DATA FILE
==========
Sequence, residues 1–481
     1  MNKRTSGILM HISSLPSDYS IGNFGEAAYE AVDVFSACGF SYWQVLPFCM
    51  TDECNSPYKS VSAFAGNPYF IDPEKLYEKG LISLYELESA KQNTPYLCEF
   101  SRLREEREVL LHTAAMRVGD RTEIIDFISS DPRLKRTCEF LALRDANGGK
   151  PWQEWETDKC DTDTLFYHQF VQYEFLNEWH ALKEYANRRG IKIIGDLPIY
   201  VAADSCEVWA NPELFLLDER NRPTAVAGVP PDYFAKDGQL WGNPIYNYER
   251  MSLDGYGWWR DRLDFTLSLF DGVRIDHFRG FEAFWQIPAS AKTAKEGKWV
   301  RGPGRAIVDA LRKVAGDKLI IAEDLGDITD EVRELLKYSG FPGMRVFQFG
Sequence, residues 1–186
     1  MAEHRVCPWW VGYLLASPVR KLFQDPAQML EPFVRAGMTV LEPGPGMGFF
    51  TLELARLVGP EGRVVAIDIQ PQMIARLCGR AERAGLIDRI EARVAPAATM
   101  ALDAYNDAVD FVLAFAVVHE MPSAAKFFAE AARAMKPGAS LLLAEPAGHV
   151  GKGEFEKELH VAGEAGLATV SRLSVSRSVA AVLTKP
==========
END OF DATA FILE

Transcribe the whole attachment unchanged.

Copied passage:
Sequence, residues 1–481
     1  MNKRTSGILM HISSLPSDYS IGNFGEAAYE AVDVFSACGF SYWQVLPFCM
    51  TDECNSPYKS VSAFAGNPYF IDPEKLYEKG LISLYELESA KQNTPYLCEF
   101  SRLREEREVL LHTAAMRVGD RTEIIDFISS DPRLKRTCEF LALRDANGGK
   151  PWQEWETDKC DTDTLFYHQF VQYEFLNEWH ALKEYANRRG IKIIGDLPIY
   201  VAADSCEVWA NPELFLLDER NRPTAVAGVP PDYFAKDGQL WGNPIYNYER
   251  MSLDGYGWWR DRLDFTLSLF DGVRIDHFRG FEAFWQIPAS AKTAKEGKWV
   301  RGPGRAIVDA LRKVAGDKLI IAEDLGDITD EVRELLKYSG FPGMRVFQFG
Sequence, residues 1–186
     1  MAEHRVCPWW VGYLLASPVR KLFQDPAQML EPFVRAGMTV LEPGPGMGFF
    51  TLELARLVGP EGRVVAIDIQ PQMIARLCGR AERAGLIDRI EARVAPAATM
   101  ALDAYNDAVD FVLAFAVVHE MPSAAKFFAE AARAMKPGAS LLLAEPAGHV
   151  GKGEFEKELH VAGEAGLATV SRLSVSRSVA AVLTKP